And why has Digistan got anything to do Mr Byron’s Tax Dollars? As for his portfolio, rather than bleating on about his dwindling share value in a tired and very last-millennia software company monopoly that is finally getting some serious competitive pressure from the left-field that is really hard to attack (since it is free), he’d be much better dumping his M$ stock and looking for the “new money”, especially in some of the highly successful and rapidly growing Open Source software companies.

The rest of his rant continues in much the same vein. No research or facts to support his claims and little argument that makes any sense anyway.

But, having said all the above, I must thank you Mr Byron for introducing me to Digistan. I signed the declaration immediately after reading it and will now be contacting Digistan to see how my company can help to support and grow their campaign to fight for freedom and open standards.

If I were you Mr Byron, I think you probably need to retire to the golf course…

Kudos to Glyn Moody

Glyn Moody’s blog is a source – no a font – no a fountain – of information and commentary regarding all things Open (& Source).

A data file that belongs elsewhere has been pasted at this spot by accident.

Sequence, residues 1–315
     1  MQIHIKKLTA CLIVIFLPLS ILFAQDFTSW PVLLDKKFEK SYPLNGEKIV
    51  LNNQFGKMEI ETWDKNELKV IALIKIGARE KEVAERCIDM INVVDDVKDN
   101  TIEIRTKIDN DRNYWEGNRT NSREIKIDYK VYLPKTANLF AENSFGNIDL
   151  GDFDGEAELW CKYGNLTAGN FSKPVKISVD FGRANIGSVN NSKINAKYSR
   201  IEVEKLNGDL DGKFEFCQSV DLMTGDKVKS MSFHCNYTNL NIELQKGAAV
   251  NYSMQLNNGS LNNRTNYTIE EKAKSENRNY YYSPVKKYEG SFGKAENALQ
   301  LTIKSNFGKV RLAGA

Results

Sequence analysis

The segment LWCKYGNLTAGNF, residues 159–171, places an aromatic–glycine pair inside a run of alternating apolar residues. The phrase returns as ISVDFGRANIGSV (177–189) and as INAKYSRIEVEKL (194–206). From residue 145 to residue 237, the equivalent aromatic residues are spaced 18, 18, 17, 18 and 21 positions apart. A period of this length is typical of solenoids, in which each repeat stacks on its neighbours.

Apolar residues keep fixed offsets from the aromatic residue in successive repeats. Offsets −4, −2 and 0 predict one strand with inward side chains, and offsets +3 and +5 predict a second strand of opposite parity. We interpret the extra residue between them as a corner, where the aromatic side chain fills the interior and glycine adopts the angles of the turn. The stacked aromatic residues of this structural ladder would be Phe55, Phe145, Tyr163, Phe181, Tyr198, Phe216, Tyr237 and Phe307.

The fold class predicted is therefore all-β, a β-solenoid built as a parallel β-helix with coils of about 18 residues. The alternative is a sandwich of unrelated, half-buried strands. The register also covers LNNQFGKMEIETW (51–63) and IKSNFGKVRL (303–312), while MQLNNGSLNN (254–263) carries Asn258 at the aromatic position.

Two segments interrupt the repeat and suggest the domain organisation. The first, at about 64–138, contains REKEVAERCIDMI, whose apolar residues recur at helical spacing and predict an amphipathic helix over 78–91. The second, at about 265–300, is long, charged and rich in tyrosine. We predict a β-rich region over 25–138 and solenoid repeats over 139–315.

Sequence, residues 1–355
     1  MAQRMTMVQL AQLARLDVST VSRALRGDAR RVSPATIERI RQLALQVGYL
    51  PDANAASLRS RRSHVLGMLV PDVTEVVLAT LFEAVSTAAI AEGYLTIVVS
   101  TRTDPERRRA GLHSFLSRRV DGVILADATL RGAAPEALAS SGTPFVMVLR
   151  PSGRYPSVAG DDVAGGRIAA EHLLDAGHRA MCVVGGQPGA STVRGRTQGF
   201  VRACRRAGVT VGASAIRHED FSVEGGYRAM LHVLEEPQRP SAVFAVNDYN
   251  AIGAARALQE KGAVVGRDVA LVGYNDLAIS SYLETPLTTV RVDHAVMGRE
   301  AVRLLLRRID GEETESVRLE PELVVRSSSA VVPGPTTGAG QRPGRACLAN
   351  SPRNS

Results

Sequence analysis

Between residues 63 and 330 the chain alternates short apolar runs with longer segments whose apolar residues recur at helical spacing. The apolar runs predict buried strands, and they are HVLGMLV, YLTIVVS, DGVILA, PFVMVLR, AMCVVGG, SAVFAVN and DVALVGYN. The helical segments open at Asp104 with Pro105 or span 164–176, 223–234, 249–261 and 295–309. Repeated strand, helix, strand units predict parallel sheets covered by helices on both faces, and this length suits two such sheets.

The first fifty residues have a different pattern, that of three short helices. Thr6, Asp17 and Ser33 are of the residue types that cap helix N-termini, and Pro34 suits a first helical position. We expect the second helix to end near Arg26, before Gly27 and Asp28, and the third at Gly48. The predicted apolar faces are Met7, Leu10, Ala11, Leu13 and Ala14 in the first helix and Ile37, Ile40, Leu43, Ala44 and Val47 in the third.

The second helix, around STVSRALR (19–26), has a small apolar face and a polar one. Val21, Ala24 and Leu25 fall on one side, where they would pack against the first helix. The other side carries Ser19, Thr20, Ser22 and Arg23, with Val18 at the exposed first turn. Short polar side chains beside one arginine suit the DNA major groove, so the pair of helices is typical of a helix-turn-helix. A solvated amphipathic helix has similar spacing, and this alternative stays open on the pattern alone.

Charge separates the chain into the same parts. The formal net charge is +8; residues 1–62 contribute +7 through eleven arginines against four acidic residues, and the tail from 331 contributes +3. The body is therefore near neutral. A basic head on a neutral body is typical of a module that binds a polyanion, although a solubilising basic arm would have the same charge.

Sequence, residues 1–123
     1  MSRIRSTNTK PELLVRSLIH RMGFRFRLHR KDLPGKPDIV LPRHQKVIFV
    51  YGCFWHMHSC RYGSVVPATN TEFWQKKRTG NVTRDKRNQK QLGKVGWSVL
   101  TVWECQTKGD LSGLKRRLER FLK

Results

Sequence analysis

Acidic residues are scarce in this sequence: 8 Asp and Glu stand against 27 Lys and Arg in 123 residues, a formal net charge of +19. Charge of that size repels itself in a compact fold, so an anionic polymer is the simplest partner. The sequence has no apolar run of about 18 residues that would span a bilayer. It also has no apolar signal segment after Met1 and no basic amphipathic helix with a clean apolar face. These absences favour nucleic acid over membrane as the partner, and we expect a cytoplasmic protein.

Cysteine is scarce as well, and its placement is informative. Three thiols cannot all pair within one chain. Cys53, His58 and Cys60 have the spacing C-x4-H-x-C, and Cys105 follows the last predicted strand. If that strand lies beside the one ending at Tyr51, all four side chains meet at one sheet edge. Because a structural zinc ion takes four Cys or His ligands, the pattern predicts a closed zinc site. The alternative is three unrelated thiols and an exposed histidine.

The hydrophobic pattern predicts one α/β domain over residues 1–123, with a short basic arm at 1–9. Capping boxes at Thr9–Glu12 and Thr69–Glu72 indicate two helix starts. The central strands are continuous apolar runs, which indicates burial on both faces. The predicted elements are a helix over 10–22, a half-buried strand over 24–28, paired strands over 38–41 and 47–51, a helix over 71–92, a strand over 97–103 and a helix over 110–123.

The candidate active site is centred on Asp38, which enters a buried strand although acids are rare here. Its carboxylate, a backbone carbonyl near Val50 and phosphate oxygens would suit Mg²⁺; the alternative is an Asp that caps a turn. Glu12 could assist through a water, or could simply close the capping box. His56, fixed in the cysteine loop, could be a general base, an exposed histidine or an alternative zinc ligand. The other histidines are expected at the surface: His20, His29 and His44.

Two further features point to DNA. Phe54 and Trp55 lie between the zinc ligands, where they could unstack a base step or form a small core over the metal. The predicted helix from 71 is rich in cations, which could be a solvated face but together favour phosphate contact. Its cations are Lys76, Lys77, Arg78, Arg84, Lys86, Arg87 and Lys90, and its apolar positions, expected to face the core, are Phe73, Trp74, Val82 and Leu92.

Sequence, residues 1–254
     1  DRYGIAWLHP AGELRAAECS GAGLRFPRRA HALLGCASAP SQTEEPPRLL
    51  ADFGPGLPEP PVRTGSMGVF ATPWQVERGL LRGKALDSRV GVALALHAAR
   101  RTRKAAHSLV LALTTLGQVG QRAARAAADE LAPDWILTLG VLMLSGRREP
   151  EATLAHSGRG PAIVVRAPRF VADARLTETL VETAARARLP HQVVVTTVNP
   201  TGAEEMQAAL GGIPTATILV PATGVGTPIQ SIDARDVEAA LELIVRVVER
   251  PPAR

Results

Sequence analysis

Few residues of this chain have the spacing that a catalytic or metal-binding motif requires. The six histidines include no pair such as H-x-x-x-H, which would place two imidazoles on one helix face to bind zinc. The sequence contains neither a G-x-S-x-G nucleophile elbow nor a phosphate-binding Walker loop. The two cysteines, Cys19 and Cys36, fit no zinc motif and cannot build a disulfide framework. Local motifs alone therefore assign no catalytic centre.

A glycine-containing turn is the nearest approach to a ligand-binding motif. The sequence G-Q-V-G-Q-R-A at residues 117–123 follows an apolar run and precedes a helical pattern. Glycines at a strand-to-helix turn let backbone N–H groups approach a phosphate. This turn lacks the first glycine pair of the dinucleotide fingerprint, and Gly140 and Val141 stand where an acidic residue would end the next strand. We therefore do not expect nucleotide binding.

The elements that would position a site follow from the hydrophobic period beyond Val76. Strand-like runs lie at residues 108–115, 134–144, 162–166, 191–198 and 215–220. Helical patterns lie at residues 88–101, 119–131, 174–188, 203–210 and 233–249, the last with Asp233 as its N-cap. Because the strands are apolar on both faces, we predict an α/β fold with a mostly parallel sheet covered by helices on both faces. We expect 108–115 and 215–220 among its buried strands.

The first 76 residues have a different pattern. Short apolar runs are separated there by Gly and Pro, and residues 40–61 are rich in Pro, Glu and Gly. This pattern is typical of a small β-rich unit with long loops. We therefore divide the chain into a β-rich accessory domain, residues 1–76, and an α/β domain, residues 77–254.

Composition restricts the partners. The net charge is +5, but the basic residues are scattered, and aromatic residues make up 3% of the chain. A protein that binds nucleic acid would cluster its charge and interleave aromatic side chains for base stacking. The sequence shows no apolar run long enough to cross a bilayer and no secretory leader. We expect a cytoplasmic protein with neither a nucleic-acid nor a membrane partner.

In the last day or so he’s posted three articles (among several others) that have really grabbed my attention:

First this one: I would not have believed it had I not gone to Tesco’s web site and verified it myself.

Tesco may not be a name that means much outside the UK, but the fact that this huge retailer is selling GNU/Linux-based systems – some for as little as £140 (without a screen) – is pretty significant.

PRETTY SIGNIFICANT? It’s nothing short of amazing in my book. I can understand how Dell and Lenovo can do it. But Tesco? They must have a very strong conviction in Linux to sell it to what I imagine to be their “typical” customer. I notice they are supplying the LTS (Long Term Support) version of Ubuntu (6.06) so I wonder if they have a support arrangement directly with Canonical? Does anyone know anything more about this?

Then this on the EU vs. Microsoft case:

I worry that there’s some wiggle room here – just what exactly is “the open source business model”? – but given the soundness of its thrashing, maybe Microsoft really has given up fighting the EU. Let’s hope.

I love a damn good thrashing don’t you? (Bit of an English Public School joke in there somewhere). I tried to get the detail on this yesterday via Groklaw but PJ’s analysis seemed a little dour. But maybe that’s just because of the stupid IP/Patenting laws in the USA.

And then to cap it all this from Mozilla:

It’s also doing rather well on just about every other metric, as Mitchell’s post “Beyond Sustainability” explains. Recommended reading.

Which I hadn’t seen. Thanks for bringing this to our attention. Mitchell’s post is indeed great reading. Mozilla is a true powerhouse in the Open Source ecosystem, and seems for the most part, to be successfully juggling the twin balls of making money and keeping a strong public community behind it. Some of the statistics are incredible… Go and have a read.

And stick Glyn’s blog on your RSS feed reader while you’re there.